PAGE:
Infrastructure and revenue:
Mr. Roberts said that while the village’s code enforcement officer works hard, he believes more could be done to improve safety concerns like overcrowded homes and dangerous buildings. He said money saved from not offering health benefits to trustees could be used to offset a bond for road repairs. Grants could also help cover the cost, he added. Mr. Martilotta described the village’s road and sidewalk conditions as poor. “The kids get seasick when I’m pushing them around town,” he said.
Mr. Martilotta said the village should be “actively pursuing” grants and other sources of funding to pay for the repairs. He said other villages have had engineering studies to prioritize road repairs, something he believes is needed in Greenport.
Mr. Murray said the village is already creating such reports. He also said the village’s refinanced debt makes it easier to bond for repairs and agreed repair work is desperately needed. Mr. Murray said an electrical upgrade on the east pier of the marina would add $75,000 to the village’s coffers. Mr. Roberts said the marina needs to be more profitable.
All the candidates agreed with Mr. Swiskey’s proposal to charge a $1 fee for cars traveling on the North Ferry to create more revenue. Mr. Swiskey said the fee could be used for road repairs. Mr. Martilotta, Mr. Roberts and Mr. Swiskey all proposed sharing services with other municipalities.
The railroad dock and west pier:
Mr. Swiskey said the village should rent out the west pier or have the North Ferry company pay an equivalent amount. He said the village should try to “break even” on the railroad dock and brought up accusations from fisherman Sid Smith that the village tried to require a higher insurance for his boat. “Why the Village Board tried to kick Sid Smith off the dock is beyond me,” he said.
Mr. Murray said Mr. Smith wasn’t kicked off the dock, but was instead made to carry the village’s required insurance policy. He said state fishing regulations are keeping fisherman off the dock — not the village. He agreed that the west pier should be rented out.
Mr. Roberts said he would bring residents who have expertise with fishing into village meetings to get their input. He suggested outsourcing the management of the marina or raising rates as dock space becomes scarce. “We have to squeeze every dollar possible out at those docks,” he said. He also expressed concerns about the Firefighter boat’s location at the railroad dock.
Mr. Martilotta agreed, saying fellow servicemen worked on Firefighter and suggested the village end its agreement.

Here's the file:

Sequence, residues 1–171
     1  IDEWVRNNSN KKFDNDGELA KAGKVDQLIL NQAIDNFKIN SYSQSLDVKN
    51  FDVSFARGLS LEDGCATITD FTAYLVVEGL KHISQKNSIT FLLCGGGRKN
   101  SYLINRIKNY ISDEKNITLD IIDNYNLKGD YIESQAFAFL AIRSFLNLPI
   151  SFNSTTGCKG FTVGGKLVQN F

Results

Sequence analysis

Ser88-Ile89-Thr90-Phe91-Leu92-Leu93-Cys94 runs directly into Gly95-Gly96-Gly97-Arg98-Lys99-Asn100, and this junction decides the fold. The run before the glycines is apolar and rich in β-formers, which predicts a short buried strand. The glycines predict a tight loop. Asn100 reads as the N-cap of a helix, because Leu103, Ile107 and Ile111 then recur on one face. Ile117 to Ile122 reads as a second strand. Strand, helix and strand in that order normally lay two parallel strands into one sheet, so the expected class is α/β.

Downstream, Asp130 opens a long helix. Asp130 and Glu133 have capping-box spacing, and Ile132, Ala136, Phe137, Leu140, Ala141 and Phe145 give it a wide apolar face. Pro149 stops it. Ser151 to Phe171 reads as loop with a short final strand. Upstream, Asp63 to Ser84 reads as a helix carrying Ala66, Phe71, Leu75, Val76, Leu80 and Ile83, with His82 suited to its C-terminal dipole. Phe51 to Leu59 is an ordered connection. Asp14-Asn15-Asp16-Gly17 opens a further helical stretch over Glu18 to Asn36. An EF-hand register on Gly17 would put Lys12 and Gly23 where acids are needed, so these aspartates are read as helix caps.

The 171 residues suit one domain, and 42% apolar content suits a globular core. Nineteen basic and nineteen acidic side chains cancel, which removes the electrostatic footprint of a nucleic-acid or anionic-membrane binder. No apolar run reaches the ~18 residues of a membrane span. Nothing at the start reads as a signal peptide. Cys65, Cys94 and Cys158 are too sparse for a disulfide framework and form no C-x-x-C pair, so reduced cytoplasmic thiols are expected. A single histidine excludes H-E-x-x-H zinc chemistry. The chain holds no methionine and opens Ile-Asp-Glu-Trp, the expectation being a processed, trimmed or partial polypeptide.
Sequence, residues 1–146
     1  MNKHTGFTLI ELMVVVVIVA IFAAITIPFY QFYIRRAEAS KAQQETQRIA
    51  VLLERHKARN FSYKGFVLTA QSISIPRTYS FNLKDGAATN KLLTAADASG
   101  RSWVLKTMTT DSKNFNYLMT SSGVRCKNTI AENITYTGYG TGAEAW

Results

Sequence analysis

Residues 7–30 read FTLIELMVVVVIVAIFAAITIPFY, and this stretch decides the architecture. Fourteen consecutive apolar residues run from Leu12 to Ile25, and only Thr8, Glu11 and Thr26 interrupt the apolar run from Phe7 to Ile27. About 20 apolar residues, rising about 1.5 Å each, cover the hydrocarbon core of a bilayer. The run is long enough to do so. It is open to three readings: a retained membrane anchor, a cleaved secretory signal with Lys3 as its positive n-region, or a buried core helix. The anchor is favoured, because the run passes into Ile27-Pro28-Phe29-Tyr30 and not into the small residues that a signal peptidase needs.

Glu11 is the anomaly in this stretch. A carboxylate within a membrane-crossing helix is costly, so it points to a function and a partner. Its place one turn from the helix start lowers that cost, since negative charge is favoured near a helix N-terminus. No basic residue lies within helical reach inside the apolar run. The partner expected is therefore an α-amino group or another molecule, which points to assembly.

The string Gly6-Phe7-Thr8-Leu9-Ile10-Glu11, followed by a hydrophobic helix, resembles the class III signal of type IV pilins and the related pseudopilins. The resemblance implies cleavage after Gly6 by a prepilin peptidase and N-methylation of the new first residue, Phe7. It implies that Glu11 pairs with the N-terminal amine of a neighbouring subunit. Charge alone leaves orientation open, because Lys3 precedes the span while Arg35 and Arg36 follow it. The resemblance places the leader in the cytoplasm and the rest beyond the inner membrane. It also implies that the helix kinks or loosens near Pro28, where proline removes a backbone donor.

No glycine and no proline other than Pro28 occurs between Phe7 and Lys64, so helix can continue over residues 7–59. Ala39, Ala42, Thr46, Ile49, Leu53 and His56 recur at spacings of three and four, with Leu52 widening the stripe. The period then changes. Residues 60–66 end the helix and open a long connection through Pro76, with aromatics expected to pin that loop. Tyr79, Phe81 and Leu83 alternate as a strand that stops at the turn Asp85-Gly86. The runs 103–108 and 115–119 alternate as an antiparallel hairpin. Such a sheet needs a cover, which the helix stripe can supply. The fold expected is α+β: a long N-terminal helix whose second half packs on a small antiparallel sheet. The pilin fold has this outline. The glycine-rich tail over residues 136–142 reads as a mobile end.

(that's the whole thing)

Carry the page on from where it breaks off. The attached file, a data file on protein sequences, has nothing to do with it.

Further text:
Peconic Landing’s sewer deal:
Mr. Murray said the public didn’t have the right to know about the deal before it was approved. “Certain things we can’t leak out before the deal is done,” he said. Mr. Murray said the deal was advantageous to the village, a “top dollar” amount based on a new formula that had Peconic Landing pay more for its expansion than it had for larger construction projects. Mr. Murray also cited Peconic Landing’s reputation in the village as a “wonderful organization” that donates time and funding for village projects.
The three other candidates took issue with the deal. Mr. Roberts said the agreement seemed like a “pay to play” scenario, with Peconic Landing getting a favorable deal in exchange for donations. Mr. Roberts said emotions shouldn’t play a role in what was a business decision. Mr. Martilotta expressed concern that the village had used up some of the sewer capacity, which he feels is a valuable asset. Mr. Swiskey also took issue with the sewer deal, claiming the village had lost hundreds of thousands of dollars.
Tall Ships event:
Mr. Roberts said since three trustees attended Tall Ships meetings, the meetings should have been opened to the public since there was a quorum. He called for more transparency about how much money is being spent on the event. Mr. Martilotta was also concerned about the cost, which he claimed is difficult to figure out due to the event plan’s secrecy.
Mr. Murray said this year’s Tall Ships event will cost about $275,000. He expects to $200,000 in tickets will be sold, with enough additional funding from the Greenport Business Improvement District and other sponsors to make a profit. Mr. Swiskey said he didn’t like the village taking a “gamble” with the event. “That’s $300,000 of your money,” he said to the audience. “You better pray it don’t rain.”
Mr. Martilotta said the village’s code enforcement officer needs “direction and purpose.” He said safety concerns, like dangerous properties or overcrowding, should be addressed first before ticketing smaller offenses. He also said some sections of the code aren’t enforced and have been ignored.
Mr. Swiskey said the Village Board should change the building codes to ease restrictions and make it work for residents. He also called for equal enforcement by the village. As an example of unfair enforcement, Mr. Swiskey brought up North Fork Smoked Fish House, which he said is leasing property owned by Trustee Mary Bess Phillip and was allowed to remain open without obtaining proper approvals.